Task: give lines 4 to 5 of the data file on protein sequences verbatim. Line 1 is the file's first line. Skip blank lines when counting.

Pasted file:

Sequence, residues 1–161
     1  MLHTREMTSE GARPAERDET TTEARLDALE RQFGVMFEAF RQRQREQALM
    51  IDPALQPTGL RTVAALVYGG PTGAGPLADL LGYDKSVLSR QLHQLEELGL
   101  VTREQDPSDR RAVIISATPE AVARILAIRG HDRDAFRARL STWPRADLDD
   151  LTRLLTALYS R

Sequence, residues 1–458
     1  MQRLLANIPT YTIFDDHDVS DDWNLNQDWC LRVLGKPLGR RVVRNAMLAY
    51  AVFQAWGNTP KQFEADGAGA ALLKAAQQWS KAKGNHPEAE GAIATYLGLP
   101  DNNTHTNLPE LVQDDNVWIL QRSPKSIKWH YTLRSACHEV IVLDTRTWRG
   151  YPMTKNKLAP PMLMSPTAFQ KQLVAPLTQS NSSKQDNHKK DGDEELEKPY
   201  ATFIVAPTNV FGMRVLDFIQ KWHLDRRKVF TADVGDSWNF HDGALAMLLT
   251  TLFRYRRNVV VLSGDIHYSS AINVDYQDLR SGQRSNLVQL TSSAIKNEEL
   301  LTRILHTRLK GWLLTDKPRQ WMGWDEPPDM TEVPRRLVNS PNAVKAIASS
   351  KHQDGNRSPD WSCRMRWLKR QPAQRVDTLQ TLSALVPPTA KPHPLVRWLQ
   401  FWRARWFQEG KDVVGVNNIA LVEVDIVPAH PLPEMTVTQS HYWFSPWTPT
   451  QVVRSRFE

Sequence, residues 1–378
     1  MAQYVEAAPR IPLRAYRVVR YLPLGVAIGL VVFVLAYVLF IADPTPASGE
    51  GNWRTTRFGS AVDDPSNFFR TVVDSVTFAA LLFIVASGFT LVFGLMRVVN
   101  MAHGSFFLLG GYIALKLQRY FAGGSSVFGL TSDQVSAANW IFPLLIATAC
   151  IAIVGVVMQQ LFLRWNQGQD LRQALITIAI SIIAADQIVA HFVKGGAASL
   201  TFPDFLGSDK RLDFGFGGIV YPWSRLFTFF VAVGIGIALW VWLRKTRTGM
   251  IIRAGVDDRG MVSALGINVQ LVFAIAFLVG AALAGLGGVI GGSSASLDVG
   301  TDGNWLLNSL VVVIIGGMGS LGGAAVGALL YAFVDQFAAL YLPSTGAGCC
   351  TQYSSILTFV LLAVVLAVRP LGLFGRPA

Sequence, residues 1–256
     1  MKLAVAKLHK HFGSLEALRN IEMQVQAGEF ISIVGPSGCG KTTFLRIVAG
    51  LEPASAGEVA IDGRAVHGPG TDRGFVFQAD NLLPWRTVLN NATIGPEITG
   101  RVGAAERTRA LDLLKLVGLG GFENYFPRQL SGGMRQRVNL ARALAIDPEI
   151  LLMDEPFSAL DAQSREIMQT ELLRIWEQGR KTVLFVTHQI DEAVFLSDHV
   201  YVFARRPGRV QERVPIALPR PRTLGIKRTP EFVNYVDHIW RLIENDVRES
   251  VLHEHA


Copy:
   101  VTREQDPSDR RAVIISATPE AVARILAIRG HDRDAFRARL STWPRADLDD
   151  LTRLLTALYS R